Harvard University medical scientists are reporting that Americans significantly shorten their life spans by consuming red meat — any red meat, fresh or processed. They’re warning us because of the results of a study that was published yesterday, March 12, in the journal Archives of Internal Medicine. In summary, the researchers noted:
Red meat consumption has been associated with an increased risk of chronic diseases. However, its relationship with mortality remains uncertain.
We prospectively observed 37, 698 men from the Health Professionals Follow-up Study (1986-2008) and 83, 644 women from the Nurses’ Health Study (1980-2008) who were free of cardiovascular disease (CVD) and cancer at baseline. Diet was assessed by validated food frequency questionnaires and updated every 4 years.
So the data look pretty convincing given the length of time (20 or more years) and the type of people (well-educated) studied. The report’s conclusion is chilling:
Red meat consumption is associated with an increased risk of total, CVD, and cancer mortality. Substitution of other healthy protein sources for red meat is associated with a lower mortality risk.
In short, red meat consumption is likely to knock years off your life. I’d be pretty happy right now if I owned a vegetarian restaurant — or better — a chain of vegetarian restaurants.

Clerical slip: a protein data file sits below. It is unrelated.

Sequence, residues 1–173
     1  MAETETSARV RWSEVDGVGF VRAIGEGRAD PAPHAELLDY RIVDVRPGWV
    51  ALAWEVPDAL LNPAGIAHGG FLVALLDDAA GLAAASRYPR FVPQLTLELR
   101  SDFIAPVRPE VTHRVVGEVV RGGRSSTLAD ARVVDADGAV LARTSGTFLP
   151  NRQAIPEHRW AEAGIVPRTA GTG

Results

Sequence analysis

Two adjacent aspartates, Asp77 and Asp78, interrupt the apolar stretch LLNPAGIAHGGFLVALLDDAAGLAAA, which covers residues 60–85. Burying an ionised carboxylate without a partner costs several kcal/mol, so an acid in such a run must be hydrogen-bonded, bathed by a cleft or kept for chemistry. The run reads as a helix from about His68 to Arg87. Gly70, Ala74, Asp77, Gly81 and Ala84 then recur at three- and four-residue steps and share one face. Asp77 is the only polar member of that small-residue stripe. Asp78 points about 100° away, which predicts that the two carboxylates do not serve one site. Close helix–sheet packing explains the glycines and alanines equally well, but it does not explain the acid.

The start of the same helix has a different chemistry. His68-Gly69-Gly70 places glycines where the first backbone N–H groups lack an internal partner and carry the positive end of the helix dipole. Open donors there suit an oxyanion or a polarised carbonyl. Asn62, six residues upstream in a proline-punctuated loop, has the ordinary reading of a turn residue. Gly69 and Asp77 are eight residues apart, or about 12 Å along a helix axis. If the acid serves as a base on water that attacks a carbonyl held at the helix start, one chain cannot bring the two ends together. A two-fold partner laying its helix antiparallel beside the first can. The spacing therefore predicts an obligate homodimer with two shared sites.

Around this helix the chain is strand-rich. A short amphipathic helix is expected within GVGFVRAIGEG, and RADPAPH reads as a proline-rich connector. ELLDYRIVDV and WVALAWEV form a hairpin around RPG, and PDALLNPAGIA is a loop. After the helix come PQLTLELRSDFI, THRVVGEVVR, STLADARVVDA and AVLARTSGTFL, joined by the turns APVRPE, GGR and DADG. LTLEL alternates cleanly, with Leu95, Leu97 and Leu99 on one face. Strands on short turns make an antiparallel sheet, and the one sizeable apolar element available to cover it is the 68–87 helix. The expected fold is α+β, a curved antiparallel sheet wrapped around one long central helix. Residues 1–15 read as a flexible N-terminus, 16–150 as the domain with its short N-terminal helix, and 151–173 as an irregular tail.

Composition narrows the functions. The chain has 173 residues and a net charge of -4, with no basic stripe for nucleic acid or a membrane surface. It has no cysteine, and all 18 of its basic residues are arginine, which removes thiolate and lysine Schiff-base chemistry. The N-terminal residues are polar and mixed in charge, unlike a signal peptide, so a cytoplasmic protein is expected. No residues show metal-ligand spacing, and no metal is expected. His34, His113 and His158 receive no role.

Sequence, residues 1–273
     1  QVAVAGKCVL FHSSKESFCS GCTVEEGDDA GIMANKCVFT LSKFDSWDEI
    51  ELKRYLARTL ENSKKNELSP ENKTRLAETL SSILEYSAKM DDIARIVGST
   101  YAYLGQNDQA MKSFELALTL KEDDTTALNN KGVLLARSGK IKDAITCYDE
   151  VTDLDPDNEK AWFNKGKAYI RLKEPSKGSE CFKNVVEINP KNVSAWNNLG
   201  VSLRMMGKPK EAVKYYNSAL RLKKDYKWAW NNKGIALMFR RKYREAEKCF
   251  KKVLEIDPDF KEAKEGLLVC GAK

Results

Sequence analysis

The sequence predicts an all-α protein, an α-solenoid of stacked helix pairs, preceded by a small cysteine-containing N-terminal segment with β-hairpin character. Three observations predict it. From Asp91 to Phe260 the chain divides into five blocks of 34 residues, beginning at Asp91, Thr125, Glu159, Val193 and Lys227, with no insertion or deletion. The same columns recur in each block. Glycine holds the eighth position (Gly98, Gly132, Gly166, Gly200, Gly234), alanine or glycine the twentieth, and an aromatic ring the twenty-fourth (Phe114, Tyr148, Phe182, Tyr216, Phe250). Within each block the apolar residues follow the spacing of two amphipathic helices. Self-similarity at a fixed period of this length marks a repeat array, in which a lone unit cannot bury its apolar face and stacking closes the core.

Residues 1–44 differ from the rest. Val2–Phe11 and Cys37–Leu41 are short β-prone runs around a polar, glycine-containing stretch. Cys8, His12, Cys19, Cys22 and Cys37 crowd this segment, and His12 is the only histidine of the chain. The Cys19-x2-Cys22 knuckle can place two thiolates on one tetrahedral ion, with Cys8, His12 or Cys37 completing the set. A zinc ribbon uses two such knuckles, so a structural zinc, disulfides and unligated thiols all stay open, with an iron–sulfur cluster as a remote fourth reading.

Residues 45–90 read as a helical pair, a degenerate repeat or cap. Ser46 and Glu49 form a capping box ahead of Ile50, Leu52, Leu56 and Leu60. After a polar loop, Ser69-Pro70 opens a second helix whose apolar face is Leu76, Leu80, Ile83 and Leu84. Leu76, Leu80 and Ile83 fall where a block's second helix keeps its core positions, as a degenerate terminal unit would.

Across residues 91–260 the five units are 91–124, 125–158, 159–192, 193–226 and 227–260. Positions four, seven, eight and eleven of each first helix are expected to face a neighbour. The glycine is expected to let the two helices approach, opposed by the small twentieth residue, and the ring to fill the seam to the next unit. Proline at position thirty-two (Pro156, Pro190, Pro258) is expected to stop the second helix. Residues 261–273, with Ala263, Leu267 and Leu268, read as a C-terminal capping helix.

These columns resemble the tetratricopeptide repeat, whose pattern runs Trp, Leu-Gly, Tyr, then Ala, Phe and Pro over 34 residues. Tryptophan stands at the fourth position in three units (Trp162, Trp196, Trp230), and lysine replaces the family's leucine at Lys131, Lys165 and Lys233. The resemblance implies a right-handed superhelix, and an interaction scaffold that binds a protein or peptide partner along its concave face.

Of course, if I owned a steakhouse, I’d blow off the study, saying that in a year or two there will be another one promulgating a diet of red meat instead. Or I’d argue that the data were faulty or unreliable because it relied on people’s memory of what they consumed.
Which is the message the American Meat Institute began spreading in yesterday’s press release. In it, Betsy Booren, AMI Foundation Director of Scientific Affairs, accused the Harvard researchers of “collecting and analyzing . . . highly inaccurate” data.
“All of these studies struggle to disentangle other lifestyle and dietary habits from meat and processed meat and admit that they can’t do it well enough to use their conclusions to accurately recommend people change their dietary habits. What the total evidence has shown, and what common sense suggests, is that a balanced diet and a healthy body weight are the keys to good health,” she said
That last sentence sounds reasonable enough. So it’s a baloney sandwich here, a Porterhouse there — and fish, nuts, and grains in between. “Balance” is a very compelling word.
But what if the medical researchers are right? That we should make a concerted effort to drastically trim animal protein from our diet to avoid chronic diseases? The long-term implications for restaurants are, to put it mildly, mind-boggling.